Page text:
... new general manager John Idzik has rid this building of many of its most willing off-the-record sources, and that Idzik has yet to endear himself to a media corps seemingly hostile to his very arrival, and you have a bona fide tabloid fight on your hands, with New Jersey Gov. Chris Christie now involved and chaos still the norm for Gang Green.
Rather than waste a bunch of real estate, read the Storify timeline of the slap fight.

/Twiddles thumbs, muses on "the gool ol' days" ...

OK, back with us?

Great!  Yikes, that came within one tweet of one of them calling the other an instrument of the facist football industrial complex!

What gets lost in all of this intense navel-gazing and media on media violence is, of course what fans ACTUALLY WANT to read and learn about.  Football.

So while all this is going on, on the other side of the event horizon many football fans are waiting with varying degrees of patience for discussion about the actual game.

I polled readers this morning whether they would prefer discussion about who's calling shots & how they're doing it, or breakdown/explanation/projection of football.

See responses for yourself, but the results favored football talk.

To the New York Jets' credit, this is something that Rex Ryan and the staff have been trying to change the message on for a few weeks through their film breakdowns as we wrote about earlier this summer.

Apparently, the message seems to have fallen on some deaf ears, or at least, cynical ones in the media room:

That's not an attempt to pick on anyone.  Others might have thought or tweeted the same things, but they are clear examples of what was going on in the minds of some in media room.  The highest levels of the Jets organization know that fans love actual football breakdown and are making an effort to provide it for eager fans, and yet it is immediately dismissed as unimportant or a stalling method.  Sigh.

The most passionate person we know about film room breakdown and the Jets just so happens to write for this site, so we've asked Bent to share his thoughts on this particular facet:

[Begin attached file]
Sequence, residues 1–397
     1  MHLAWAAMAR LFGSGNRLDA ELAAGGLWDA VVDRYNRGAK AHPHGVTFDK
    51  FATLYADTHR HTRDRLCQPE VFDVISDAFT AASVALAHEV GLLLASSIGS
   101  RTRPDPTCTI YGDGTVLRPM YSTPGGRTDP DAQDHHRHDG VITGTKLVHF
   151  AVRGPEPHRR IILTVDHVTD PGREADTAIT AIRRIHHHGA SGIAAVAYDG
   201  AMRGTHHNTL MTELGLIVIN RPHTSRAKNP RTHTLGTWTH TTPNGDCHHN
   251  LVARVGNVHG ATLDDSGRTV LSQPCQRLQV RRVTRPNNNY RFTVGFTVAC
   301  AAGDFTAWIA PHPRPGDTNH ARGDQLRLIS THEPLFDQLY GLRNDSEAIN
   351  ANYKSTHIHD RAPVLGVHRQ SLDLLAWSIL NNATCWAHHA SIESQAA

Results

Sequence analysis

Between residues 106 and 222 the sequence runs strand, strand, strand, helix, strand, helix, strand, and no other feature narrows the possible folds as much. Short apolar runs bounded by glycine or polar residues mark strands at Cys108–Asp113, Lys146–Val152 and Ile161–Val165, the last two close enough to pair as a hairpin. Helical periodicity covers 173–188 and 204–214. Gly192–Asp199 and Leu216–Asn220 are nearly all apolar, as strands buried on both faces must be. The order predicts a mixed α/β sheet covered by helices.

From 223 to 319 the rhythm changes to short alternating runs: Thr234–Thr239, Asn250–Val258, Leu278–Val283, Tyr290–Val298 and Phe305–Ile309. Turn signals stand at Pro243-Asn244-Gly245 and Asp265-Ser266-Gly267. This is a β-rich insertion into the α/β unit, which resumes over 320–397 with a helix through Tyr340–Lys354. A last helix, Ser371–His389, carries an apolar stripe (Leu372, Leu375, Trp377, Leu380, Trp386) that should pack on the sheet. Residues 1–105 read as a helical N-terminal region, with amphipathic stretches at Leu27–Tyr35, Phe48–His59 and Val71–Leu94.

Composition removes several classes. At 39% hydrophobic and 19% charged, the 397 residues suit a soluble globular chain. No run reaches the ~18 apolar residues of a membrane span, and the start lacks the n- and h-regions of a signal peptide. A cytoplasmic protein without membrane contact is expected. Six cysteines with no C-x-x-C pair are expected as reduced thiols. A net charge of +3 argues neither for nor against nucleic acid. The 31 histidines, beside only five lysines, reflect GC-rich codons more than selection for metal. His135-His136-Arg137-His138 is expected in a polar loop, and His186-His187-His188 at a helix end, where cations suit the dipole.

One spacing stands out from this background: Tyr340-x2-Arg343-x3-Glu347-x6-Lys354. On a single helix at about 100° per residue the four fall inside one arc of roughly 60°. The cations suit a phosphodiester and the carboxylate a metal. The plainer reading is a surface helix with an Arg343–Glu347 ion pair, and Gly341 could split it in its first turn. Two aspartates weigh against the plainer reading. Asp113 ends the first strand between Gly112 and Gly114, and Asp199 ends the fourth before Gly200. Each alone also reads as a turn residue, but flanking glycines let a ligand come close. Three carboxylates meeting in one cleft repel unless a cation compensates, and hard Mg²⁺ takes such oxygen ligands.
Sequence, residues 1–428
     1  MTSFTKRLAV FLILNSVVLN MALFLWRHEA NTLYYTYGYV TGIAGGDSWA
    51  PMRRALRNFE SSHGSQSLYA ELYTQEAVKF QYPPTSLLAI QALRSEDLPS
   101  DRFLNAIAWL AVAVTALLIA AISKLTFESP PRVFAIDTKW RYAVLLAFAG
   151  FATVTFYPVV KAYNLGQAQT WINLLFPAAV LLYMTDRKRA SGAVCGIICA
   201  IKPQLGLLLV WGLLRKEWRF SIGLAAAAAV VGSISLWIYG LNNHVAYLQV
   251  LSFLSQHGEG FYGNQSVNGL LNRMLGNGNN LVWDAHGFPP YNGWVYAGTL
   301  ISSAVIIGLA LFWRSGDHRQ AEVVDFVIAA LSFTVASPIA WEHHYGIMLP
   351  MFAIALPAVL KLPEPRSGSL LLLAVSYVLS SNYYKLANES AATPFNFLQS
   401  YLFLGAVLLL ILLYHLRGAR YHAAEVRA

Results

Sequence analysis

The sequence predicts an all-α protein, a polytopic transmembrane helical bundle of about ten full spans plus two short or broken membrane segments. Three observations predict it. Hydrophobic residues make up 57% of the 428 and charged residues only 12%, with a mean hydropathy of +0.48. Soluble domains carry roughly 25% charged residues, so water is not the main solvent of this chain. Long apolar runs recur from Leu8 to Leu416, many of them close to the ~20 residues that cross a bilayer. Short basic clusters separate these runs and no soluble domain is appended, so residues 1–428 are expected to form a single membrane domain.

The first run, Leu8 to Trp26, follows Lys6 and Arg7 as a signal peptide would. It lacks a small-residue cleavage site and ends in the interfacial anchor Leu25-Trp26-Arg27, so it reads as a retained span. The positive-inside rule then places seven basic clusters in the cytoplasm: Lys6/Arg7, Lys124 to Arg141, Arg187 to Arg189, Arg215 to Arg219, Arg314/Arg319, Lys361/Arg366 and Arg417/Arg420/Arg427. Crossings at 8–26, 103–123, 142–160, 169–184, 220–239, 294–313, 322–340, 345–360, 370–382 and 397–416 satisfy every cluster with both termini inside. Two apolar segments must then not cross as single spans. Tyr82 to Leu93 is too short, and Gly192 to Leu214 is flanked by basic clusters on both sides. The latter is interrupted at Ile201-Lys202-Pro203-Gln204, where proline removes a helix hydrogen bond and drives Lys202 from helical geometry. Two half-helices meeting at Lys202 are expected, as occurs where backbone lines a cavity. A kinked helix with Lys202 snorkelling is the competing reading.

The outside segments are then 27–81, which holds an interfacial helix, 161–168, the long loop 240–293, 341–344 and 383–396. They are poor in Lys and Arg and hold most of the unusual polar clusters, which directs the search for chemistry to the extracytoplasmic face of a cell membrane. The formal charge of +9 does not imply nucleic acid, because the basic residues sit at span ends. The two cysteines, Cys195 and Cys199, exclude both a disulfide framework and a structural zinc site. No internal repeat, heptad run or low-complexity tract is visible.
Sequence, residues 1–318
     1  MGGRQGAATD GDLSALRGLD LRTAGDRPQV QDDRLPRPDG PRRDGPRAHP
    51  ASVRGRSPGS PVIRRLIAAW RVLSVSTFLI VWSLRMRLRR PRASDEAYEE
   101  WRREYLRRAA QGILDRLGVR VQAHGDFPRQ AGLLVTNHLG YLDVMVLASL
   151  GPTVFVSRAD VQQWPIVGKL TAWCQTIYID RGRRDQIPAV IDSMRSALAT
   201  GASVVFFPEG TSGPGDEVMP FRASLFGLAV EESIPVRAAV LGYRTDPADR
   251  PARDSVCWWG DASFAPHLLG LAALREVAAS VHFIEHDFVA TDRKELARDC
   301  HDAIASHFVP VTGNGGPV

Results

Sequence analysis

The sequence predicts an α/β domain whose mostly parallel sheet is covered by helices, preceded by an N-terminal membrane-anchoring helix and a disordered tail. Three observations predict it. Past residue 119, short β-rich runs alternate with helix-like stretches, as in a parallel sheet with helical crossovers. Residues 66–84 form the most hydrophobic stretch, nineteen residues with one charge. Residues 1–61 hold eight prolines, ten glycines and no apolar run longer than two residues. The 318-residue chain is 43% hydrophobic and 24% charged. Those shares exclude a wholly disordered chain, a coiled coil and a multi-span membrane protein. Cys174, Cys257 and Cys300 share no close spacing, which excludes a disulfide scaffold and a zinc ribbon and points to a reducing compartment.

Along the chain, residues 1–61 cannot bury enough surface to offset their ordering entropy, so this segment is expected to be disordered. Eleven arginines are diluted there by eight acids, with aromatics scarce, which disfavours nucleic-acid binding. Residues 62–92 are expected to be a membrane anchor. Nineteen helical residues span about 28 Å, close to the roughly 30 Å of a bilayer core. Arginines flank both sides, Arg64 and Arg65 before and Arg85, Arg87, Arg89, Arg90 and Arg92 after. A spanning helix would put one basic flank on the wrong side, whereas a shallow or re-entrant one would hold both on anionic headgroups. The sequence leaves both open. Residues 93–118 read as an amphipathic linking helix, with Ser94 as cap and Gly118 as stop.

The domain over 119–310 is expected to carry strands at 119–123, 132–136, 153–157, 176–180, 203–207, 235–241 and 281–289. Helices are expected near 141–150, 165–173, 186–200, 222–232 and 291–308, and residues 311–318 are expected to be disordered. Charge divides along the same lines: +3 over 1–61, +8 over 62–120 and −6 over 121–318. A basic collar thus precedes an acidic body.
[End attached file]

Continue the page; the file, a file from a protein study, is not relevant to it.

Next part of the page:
There's a reason I spend 16 hours a week breaking down film for TJB.  It's thirst for knowledge, one rarely satisfied by certain corners of the media.
So, what a treat it was to have Rex force the issue and tell us the information we crave, while highlighting areas that weren't getting enough attention. This could have led to an interesting series of follow-up questions, but the media ignored it.

The third time they did it, the media openly mocked the process, calling it a time-wasting exercise to prevent them from asking the questions fans want the answers to and barely mentioning the issues Rex was to which drawing attention.

Ever been to a concert and not been able to hear the opening act because everyone ignored them and talked loudly the whole way though it?

That's the level of disrespect we're talking about here.  They don't want to hear it...even if we do.

So I'm back to spending 16 hours a week trying to figure out stuff for myself.  Maybe I'm overly obsessive, but that's what real fans are like. I've also been interacting with like-minded Jets fans on a daily basis for the better part of a decade. Therefore, it grinds my gears to have people in the media dictate to us "what we want".  It's like WWE's Vince McMahon screwing one of the most popular wrestlers out of the title and then telling the audience that he's "giving the people what they want".  That's a fictional character being purposely irrational to illicit hatred for the bad guys.

Unfortunately, in real life, the bad guys usually get their way.

Just as a comparison, let's look at the murderers row of actual game analysts who cover the team in New England.  Headlined by writers like Mike Reiss and Field Yates, it is backed up ably with a solid all-around group like Shalise Manza-Young and Karen Guregian.

Less than a decade ago, the Patriots were a beat that was belittled for their inability to get the coach talk, and yet those reporters took the reality of the situation and used it to their advantage.  The work of guys like Greg Bedard, Ian Rapoport and Albert Breer among others have catapulted them into national jobs.

Using the trappings of The Fourth Estate to systematically dismantle the team won't make anyone Woodward or Bernstein.  For those covering the Jets and clawing for a way out?  There's no escape anymore in that direction.  Maybe it would be better for some around the team to see where this thing takes them instead.

Tags: Opinion , Brian Bassett